Kusinaravihara, aka: Kusinara-vihara, Kusinārāvihāra; 2 Definition(s)

Introduction

Kusinaravihara means something in Buddhism, Pali, the history of ancient India. If you want to know the exact meaning, history, etymology or English translation of this term then check out the descriptions on this page. Add your comment or reference to a book if you want to contribute to this summary article.

In Buddhism

Theravada (major branch of Buddhism)

Kusinaravihara in Theravada glossary... « previous · [K] · next »

A monastery built by Parakkamabahu I. in a suburb of Pulatthipura, called Sihapura. It consisted of three image houses, each containing three storeys, six pasadas, etc. Cv.lxxiii.152; lxxviii.84; also Cv.Trs.ii.18, n.3.

Source: Pali Kanon: Pali Proper Names
context information

Theravāda is a major branch of Buddhism having the the Pali canon (tipitaka) as their canonical literature, which includes the vinaya-pitaka (monastic rules), the sutta-pitaka (Buddhist sermons) and the abhidhamma-pitaka (philosophy and psychology).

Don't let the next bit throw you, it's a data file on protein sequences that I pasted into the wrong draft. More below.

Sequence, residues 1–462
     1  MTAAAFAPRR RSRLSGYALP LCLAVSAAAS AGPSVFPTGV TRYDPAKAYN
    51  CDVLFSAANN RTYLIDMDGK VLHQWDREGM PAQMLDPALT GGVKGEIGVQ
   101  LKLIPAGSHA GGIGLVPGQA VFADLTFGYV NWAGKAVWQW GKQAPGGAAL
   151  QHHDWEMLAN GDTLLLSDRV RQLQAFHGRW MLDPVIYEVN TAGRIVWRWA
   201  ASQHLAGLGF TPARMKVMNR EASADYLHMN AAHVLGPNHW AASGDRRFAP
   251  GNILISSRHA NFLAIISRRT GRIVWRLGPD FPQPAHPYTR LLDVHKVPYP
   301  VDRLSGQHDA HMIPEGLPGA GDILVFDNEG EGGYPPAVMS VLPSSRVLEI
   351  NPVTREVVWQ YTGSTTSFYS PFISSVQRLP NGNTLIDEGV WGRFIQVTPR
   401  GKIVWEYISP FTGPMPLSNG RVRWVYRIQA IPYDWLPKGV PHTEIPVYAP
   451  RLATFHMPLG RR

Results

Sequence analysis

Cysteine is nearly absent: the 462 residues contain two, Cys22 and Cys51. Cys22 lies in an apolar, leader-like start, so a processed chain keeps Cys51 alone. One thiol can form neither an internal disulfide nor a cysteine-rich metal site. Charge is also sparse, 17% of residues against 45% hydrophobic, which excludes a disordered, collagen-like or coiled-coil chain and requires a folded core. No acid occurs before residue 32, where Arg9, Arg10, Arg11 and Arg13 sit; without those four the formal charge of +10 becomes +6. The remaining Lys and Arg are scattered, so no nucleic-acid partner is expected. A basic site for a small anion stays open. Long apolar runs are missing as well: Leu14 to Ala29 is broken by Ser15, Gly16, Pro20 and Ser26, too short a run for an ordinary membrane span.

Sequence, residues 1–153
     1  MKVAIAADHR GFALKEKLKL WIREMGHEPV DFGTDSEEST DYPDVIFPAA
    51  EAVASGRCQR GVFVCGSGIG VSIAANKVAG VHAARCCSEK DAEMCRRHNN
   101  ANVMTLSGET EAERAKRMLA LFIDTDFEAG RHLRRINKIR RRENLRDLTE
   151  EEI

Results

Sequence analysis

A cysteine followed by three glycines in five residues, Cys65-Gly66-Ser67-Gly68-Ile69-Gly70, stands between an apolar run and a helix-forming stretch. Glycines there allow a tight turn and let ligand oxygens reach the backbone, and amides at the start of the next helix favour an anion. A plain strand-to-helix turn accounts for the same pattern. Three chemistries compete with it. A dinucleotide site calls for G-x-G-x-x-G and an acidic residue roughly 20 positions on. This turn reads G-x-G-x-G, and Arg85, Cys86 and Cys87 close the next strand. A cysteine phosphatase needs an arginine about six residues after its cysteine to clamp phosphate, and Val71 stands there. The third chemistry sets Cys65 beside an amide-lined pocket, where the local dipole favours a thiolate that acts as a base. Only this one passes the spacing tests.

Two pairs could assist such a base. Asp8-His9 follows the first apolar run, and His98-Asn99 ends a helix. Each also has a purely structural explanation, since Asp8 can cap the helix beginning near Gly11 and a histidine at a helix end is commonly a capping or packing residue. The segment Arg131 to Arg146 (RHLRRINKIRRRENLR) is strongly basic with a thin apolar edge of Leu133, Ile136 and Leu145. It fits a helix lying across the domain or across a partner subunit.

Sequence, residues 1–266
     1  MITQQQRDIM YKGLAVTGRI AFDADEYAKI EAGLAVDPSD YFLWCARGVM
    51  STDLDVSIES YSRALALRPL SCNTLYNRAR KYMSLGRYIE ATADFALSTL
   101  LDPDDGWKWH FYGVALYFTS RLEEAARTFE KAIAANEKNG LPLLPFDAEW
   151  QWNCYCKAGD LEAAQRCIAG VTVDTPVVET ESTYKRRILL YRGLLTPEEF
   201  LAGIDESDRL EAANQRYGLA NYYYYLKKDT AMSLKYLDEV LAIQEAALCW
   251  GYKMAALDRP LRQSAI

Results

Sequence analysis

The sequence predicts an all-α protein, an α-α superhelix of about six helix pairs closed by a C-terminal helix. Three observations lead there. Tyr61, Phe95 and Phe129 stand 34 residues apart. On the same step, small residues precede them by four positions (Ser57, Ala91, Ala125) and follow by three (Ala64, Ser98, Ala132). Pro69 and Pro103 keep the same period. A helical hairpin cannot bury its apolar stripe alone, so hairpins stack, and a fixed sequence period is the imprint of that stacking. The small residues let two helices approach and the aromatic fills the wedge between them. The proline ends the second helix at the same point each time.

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India history and geogprahy

Kusinaravihara in India history glossary... « previous · [K] · next »

Kusinārāvihāra or Kusinārā is the name of an ancient building that once existed near Polonnaruva (Polonnaruwa), Ceylon (Sri Lanka).—Parakkamabāhu I also built:—(i) Kapila or Kapilavastu-vihāra; (ii) Dakṣiṇārāma; (iii) Pacchimārāma; (iv) the Suluvādenige of gold; (v) Purvārāma; (vi) Atubadalena-vihāra; (vii) Isipatana-vihāra in the Rājavesibhujaṅga suburb; (viii) Kusinārā-vihāra in the Sīhapura suburb; (ix) Veluvana-vihāra in the Vijita suburb; and (x) between the Palace and the 3 suburbs, at each gāvuta (about 2miles), a vihāra with Sermon and Image Houses.

Source: archive.org: Ceylon Branch of the Royal Asiatic Society 1963
India history book cover
context information

The history of India traces the identification of countries, villages, towns and other regions of India, as well as royal dynasties, rulers, tribes, local festivities and traditions and regional languages. Ancient India enjoyed religious freedom and encourages the path of Dharma, a concept common to Buddhism, Hinduism, and Jainism.

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